April 27, 2012 - When Mom and Dad Help With Housing - by Morningstar Investment Research
I'd like to help my kids buy their first homes, but I'm not sure whether I'd be better off loaning them the money or giving it to them outright. What should I be thinking about as I decide?
Morningstar assistant site editor Adam Zoll addressed this question by stating that today's historically low mortgage rates, along with depressed real estate prices in many markets, make this a great time for first-time homebuyers, and parents might want to help financially. But before deciding how to help your kids, make sure you have enough saved for your retirement. Your kids can take out a loan for a hous e, but no one will loan you money to cover your senior years. That said, of the two possibilities questioned, gifting money is often the better choice if you can swing it, and the amount you can give to your son or daughter (and their spouses) tax-free may surprise you.
The Ins and Outs of the 5-Year Rule for Roth IRAs
Morningstar director of personal finance Christine Benz recently addressed the confusing nature of the various rules governing contributions to and withdrawals from IRAs and other retirement vehicles. These regulations are clearly there to keep people from gaming the system for extra tax benefits and to help ensure that they don't raid their retirement assets prematurely--both worthy goals. But the net effect is still off-putting, especially for IRA holders aimi ng to figure out how--and when--they can withdraw their money. One of the particularly Byzantine wrinkles in the IRA regulations is the so-called five-year rule for withdrawals from Roth IRAs. Benz provided an overview of the rule as well as a look at some of those unexpected wrinkles.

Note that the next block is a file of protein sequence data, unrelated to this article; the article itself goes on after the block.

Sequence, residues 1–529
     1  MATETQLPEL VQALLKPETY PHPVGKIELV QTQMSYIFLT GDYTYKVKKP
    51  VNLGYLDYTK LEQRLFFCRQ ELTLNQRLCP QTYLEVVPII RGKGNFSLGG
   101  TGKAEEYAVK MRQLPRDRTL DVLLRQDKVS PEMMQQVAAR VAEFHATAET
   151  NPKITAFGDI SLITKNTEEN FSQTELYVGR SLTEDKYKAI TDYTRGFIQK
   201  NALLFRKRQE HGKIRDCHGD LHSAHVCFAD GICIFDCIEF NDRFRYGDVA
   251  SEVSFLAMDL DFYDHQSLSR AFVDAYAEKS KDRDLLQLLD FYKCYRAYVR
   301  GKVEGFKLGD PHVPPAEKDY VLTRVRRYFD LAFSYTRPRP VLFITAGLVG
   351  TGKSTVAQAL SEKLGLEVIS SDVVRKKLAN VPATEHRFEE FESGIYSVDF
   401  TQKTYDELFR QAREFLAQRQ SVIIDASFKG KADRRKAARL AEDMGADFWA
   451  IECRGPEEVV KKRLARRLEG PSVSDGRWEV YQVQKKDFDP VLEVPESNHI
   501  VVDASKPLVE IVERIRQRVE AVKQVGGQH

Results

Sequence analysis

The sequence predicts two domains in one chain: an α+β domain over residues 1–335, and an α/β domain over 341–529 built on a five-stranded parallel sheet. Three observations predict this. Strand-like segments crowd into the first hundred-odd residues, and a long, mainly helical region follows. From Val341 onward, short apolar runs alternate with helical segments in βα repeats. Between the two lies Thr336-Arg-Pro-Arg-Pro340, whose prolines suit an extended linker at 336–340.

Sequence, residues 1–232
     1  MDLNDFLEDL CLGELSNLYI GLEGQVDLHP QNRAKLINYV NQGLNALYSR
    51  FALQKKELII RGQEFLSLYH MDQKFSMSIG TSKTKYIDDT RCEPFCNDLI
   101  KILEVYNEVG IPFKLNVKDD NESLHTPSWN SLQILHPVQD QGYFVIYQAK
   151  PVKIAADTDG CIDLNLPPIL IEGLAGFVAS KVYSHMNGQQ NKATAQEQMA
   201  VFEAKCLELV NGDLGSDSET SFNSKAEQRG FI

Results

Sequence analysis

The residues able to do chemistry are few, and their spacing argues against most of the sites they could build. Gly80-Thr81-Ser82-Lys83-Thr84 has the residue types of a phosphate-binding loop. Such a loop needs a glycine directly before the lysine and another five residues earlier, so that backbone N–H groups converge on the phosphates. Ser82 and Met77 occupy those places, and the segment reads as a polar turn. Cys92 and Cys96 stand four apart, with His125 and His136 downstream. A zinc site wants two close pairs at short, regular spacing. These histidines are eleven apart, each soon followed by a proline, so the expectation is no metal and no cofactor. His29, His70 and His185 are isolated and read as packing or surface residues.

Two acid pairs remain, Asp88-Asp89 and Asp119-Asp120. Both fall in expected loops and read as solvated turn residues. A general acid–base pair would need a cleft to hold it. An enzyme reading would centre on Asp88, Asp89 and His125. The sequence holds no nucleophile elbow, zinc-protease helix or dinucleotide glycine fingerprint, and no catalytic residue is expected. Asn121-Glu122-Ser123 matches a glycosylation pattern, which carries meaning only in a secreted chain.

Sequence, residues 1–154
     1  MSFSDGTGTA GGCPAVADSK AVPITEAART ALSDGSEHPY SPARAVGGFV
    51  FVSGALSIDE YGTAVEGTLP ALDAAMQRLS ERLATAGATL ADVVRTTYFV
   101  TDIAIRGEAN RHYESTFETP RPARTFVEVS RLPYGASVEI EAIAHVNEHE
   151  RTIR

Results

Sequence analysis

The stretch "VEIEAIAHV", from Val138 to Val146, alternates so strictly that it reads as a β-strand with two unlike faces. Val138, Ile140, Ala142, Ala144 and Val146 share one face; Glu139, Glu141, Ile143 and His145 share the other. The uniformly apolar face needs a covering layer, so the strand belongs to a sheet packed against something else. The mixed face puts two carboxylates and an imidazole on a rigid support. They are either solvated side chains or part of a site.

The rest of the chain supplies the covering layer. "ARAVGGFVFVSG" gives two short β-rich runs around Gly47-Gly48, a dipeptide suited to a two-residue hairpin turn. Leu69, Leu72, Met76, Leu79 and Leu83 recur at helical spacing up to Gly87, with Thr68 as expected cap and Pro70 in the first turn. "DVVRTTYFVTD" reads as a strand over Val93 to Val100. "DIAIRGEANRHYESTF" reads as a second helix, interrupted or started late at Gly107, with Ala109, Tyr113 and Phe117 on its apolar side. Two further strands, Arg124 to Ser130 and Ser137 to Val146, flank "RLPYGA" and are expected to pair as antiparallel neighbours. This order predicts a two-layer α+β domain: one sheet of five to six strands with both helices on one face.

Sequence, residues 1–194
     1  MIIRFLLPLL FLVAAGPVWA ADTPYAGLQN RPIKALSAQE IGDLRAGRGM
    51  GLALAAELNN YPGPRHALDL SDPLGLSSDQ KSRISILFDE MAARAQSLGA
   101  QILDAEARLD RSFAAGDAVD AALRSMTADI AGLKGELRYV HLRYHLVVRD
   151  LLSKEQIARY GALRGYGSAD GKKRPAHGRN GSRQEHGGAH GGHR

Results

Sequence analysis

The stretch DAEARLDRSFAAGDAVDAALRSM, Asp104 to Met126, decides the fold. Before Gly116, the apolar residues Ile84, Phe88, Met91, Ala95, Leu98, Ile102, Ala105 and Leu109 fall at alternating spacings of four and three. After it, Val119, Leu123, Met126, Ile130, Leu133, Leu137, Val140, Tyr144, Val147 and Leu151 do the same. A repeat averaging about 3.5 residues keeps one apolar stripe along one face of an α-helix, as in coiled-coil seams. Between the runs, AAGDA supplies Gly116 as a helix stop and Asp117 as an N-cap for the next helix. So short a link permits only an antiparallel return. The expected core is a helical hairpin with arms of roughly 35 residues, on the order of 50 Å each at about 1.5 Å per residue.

Among the other topics we addressed this week:
Challenge Your Advisor's Biases--and Your Own. When and where investors 'grew up' can have a big impact on their investment choices.
Fidelity Sacks Growth Manager, Shuffles Ranks. Plus, Vanguard cuts fees, Meridian reunites with an old friend, and more.
An Inexpensively Valued Fund in a Better-Managed Industry. Even in a weaker global economy, Market Vectors Steel ETF fund should keep its strength.
Taking the High-Quality Road With High Yield. The economy is not robust enough, nor are yields high enough, to protect high-yield investors against certain shocks, which is why Eaton Vance's Mike Weilheimer is looking at better-quality bonds.
Funds That Have Thrived on an Apple-Free Diet. It's been hard for large-cap funds to succeed without Apple recently, but a handful of funds have.
3 Market Segments We Like, and How to Invest in Them. Bargain-seekers might want to consider the energy and finan cial-services sectors along with the large-value category.
Look for Consumer Sector Exposure When Selecting an Emerging-Markets Fund. Cap-weighted index funds have somewhat of a global cyclical tilt, as well as exposure to some near-term risks.
Adding Foreign Funds to a U.S. Lineup Is No Easy Task. Three funds that have just passed their five-year mark show the challenges involved.
Star Manager Hasenstab Has Generated Strong Results for This Fund. Investors should consider adding this strong-performing emerging-markets CEF to their portfolio.
Fund Expense Ratios Dropped in 2011. Why the average investor is paying less for fund management.
How Does Social Security Factor Into Your Retirement Plan? Retirees and pre-retirees are feeling confident about the benefit, but for younger folks, not so much.
Is There Trouble Ahead for Muni Funds? If investors don't watch out, their fund might get hit by changes in the yield curve.
Tune the Static Out of Monthly Data. Don't let volatile monthly economic data points drive your outlook, writes Morningstar's Bob Johnson.